Page 51 - Jewish Book Annual Volume 40

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HOFFMAN / JEWISH SAMIZDAT
45
against Jew ish intellectuals as “ rootless co smopolitan s,” the arre st
and exterm ination o f lead ing Yiddish cultural figu re s in 1952
and Stalin’s final thru st against the Jew s, the contrived “ Doctor’s
Plot” in 1953. A lthough the birth o f the State o f Israel stirred the
emotions o f Soviet Jew ry , it p roduced only a few illegal p am ­
phlets.
Krushchev ’s “Th aw ” in 1956 created favorable conditions for
the development o f Jew ish sam izdat. In the more liberal atmo­
sphere , the general popu lace was less a fra id o f organ ized u no f f i­
cial activity. At the sam e time, however, Jew ish intellectuals
realized that the “Th aw ” was severely limited: Th e Stalinist policy
o f promoting Russian nationalism to the exclusion o f other na­
tional strivings continued . Jew ish national consciousness, reviv­
ing under the influence o f the Holocaust and the establishment o f
the State o f Israel, had to seek illegal means o f expression —
secret organizations and underground literature.
SOURCE OF INFORMATION
Many Soviet Jew s thirsted for the most elementary knowledge
about Jew ish culture , history or religion. Jew ish sam izdat met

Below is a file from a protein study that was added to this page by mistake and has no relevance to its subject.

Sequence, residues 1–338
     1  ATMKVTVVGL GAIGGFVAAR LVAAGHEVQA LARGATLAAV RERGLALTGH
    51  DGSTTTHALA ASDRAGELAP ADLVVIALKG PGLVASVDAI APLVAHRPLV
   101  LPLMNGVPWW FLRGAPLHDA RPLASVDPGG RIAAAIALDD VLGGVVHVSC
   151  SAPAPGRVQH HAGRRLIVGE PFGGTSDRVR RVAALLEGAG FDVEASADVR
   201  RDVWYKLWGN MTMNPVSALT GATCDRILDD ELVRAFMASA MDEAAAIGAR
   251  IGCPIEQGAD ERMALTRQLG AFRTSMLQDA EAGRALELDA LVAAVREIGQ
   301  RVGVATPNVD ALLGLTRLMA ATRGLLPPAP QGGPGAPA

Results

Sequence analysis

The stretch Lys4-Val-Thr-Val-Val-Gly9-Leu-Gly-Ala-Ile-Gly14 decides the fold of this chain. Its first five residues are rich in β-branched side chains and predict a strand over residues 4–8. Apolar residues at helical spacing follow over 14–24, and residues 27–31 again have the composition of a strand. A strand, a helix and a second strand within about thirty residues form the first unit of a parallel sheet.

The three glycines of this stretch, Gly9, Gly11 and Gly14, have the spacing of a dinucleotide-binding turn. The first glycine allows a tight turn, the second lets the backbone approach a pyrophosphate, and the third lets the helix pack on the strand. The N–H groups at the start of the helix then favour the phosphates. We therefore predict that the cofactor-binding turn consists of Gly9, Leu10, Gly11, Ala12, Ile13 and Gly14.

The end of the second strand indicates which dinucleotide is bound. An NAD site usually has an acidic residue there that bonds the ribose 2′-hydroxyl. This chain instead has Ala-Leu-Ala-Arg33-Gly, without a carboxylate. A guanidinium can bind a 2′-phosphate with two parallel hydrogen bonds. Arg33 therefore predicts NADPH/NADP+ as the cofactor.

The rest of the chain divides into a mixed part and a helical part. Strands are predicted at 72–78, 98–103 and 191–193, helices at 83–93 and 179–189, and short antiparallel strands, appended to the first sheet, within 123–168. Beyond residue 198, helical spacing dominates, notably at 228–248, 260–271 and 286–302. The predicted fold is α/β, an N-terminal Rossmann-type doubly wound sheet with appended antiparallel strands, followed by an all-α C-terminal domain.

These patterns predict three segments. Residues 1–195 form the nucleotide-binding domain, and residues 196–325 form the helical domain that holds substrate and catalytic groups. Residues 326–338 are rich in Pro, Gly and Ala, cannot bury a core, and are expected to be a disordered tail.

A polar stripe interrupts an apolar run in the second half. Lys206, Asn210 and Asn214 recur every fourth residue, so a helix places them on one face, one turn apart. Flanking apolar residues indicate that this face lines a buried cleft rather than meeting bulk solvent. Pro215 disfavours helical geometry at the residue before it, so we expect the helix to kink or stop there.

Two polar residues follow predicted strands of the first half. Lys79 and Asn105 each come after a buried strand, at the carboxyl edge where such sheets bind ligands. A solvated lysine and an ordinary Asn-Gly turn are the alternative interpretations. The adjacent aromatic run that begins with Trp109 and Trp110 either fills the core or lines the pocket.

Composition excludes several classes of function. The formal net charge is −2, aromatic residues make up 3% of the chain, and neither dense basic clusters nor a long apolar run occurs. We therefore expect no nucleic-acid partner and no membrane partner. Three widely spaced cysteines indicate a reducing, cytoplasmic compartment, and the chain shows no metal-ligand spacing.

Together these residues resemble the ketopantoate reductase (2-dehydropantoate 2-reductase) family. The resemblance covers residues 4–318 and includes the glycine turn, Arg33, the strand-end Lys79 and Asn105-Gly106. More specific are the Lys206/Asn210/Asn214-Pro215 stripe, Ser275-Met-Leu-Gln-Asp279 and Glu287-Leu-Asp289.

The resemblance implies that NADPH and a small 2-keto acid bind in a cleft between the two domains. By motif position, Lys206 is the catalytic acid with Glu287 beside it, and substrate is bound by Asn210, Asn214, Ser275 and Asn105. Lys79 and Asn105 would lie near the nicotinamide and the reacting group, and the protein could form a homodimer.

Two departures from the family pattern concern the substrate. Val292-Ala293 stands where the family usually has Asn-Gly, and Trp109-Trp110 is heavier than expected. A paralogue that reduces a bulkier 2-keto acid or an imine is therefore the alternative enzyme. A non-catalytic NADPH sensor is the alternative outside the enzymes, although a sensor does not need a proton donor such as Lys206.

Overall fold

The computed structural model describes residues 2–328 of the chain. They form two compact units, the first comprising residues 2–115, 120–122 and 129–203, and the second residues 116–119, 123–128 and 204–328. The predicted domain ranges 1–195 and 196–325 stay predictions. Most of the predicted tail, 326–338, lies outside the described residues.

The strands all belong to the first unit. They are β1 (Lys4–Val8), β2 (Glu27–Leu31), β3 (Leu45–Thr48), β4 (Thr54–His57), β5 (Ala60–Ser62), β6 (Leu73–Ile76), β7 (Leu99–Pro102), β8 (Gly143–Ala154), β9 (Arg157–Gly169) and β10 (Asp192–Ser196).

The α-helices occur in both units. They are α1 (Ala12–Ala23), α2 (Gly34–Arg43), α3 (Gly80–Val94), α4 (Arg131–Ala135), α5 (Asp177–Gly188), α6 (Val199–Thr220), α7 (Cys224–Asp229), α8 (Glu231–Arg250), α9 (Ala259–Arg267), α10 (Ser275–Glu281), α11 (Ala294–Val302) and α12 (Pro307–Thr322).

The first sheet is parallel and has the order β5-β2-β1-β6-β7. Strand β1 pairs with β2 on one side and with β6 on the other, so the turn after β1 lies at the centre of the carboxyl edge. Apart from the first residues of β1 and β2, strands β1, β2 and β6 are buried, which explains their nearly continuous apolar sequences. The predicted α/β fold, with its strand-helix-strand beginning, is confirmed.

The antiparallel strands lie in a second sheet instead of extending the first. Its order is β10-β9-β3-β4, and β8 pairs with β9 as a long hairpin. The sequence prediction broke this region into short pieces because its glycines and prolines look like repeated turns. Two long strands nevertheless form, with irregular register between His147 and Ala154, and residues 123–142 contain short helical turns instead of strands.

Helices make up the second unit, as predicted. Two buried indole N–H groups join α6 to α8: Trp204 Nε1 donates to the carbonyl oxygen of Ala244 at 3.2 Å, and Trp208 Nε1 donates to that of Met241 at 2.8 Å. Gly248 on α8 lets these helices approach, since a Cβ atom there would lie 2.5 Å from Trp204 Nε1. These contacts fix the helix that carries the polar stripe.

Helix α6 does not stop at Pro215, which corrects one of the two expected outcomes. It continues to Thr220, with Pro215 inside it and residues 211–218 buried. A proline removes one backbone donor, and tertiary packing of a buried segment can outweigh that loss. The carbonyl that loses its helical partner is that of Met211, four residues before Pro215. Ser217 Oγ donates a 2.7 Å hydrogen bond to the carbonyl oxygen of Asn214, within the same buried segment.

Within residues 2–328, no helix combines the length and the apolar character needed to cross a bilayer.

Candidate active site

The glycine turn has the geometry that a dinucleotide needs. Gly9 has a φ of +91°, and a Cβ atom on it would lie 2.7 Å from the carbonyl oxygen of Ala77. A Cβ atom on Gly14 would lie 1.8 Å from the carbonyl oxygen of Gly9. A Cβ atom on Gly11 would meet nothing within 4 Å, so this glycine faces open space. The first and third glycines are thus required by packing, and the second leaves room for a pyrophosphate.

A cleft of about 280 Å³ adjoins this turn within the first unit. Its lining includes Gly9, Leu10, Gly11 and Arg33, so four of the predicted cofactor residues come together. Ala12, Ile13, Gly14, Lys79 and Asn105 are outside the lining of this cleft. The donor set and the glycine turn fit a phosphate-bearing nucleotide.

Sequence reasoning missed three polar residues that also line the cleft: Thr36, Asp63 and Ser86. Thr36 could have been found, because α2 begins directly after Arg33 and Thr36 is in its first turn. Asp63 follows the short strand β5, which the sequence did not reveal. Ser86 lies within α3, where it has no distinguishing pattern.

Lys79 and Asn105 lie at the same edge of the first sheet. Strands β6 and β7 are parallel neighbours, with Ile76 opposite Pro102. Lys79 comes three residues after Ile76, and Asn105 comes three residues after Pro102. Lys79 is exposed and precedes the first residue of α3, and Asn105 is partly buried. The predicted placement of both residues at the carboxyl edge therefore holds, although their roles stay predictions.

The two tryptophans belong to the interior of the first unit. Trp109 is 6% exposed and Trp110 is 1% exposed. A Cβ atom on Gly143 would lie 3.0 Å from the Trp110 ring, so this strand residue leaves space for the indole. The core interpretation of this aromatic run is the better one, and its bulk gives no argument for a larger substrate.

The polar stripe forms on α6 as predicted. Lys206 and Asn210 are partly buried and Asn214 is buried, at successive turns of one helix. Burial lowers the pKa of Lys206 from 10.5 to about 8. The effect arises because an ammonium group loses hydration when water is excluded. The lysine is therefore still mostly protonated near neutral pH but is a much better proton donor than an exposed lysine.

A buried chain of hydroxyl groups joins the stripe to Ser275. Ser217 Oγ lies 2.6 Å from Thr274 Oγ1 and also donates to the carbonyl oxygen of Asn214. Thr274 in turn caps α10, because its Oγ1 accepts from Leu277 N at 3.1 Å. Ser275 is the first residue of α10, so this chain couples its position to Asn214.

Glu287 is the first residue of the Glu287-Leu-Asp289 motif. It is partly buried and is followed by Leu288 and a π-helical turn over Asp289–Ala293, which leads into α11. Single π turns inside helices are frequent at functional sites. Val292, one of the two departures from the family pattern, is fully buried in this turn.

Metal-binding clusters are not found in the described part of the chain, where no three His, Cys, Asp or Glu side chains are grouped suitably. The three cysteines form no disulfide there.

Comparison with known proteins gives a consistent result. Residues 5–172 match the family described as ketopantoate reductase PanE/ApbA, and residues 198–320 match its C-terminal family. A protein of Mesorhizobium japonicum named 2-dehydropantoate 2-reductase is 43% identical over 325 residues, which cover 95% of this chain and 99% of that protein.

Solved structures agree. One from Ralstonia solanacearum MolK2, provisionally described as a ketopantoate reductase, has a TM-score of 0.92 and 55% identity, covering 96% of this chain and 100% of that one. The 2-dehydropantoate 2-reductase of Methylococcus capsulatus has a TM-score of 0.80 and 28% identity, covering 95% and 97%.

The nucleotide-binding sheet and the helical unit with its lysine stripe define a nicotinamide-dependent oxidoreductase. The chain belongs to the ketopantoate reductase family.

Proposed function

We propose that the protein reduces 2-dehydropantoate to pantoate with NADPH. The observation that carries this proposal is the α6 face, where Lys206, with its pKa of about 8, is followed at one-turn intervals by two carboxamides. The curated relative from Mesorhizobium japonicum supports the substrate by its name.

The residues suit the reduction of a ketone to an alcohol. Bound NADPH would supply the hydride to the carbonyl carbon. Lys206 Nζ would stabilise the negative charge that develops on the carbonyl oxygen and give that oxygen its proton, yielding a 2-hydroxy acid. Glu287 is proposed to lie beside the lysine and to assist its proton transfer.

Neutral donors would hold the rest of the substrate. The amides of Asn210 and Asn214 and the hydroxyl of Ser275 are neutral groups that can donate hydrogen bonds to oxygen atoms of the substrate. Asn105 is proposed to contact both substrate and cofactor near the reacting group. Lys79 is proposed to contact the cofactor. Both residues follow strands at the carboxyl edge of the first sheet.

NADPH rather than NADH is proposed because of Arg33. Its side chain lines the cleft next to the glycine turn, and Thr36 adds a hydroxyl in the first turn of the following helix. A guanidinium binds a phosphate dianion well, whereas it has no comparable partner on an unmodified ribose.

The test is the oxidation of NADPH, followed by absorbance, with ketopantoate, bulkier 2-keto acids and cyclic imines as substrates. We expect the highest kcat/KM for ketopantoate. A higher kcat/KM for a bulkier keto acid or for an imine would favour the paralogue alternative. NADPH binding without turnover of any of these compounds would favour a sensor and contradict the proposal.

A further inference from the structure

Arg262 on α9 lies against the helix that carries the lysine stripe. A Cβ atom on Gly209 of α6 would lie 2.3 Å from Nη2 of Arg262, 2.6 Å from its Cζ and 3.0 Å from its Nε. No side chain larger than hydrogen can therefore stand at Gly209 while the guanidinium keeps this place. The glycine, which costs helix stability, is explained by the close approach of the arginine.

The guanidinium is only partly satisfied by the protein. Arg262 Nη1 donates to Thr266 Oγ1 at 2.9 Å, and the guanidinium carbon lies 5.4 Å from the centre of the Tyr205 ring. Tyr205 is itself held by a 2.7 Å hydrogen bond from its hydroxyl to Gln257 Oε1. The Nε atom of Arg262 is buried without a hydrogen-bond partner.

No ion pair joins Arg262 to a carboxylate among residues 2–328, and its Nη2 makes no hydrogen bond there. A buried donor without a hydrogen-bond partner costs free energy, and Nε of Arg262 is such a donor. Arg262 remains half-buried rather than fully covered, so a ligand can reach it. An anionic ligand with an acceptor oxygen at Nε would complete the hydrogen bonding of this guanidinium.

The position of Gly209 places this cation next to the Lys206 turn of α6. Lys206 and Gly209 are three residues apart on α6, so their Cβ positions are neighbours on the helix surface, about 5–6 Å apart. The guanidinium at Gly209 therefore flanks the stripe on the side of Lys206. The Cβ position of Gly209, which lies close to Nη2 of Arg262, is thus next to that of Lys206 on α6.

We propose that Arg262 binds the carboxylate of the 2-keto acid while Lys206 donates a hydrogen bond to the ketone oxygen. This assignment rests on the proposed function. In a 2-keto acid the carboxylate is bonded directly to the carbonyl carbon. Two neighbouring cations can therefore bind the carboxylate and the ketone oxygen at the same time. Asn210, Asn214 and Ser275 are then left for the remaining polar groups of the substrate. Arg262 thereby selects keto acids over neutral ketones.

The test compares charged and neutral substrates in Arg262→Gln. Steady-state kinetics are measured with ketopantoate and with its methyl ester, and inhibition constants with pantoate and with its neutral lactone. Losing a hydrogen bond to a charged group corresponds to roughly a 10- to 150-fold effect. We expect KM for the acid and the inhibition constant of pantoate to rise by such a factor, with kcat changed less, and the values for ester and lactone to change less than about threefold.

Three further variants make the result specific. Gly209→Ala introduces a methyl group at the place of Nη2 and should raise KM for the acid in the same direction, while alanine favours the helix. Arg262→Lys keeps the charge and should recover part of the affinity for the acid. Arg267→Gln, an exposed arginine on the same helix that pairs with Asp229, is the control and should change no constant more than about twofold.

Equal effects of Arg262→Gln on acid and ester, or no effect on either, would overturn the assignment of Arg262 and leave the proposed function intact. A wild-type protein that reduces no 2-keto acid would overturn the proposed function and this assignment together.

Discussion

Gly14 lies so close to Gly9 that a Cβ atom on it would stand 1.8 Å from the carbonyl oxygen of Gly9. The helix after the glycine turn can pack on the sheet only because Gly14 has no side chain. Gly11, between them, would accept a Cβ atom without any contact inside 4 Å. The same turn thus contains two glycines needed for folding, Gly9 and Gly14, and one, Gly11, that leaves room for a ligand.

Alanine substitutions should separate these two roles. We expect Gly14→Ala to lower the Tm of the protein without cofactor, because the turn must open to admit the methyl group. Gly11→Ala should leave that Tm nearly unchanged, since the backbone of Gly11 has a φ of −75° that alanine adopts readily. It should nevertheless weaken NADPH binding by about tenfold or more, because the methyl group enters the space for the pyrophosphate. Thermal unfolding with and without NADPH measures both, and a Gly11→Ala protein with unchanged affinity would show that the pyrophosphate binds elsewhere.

their needs by supp ly ing pre-Soviet works such as Simon Dub-
now’s history o f the Jew s or V ladim ir Jabotin sky ’s Feuilletons,
Russian versions o f lyrical poetry by Bialik and Simon F rug , and
Israeli periodicals intended for Western readers, such as Ariel and
Shalom. Tran s lat ion s o f Western fiction were the most popu lar
items. Number one was Leon U r is ’ Exodus, followed by Howard
Fast ’s All My Glorious Brothers and Andre Schwarz-Bart’s The Last
of theJu s t . Reaching the U SSR haphazardly — often via Western
tourists — these books testified to the Jew ish nation’s tenacious
ability to survive and presen ted Jew ish history and Jew ish nation­
alism as a source o f pride.
Exodus insp ired several sam izdat versions. Avraham Shifrin
p rep ared one translation in the harrow ing conditions o f a forced
labor camp in the fifties. Leah Slovin p roduced a shortened
edition in Riga. Avraam Mamistvalov took leave from his jo b to
work day and night on translating the book into Georgian .
Despite these hasty, clumsy translations, Exodus had an elec­
trifying effect on Soviet Jewry. Many Soviet Jew s now in Israel
state that U r is ’ book initiated their aliya. In contrast to the schem­
ing, flabby Jew ish villains p re sen ted by Soviet p ro p ag an d a ,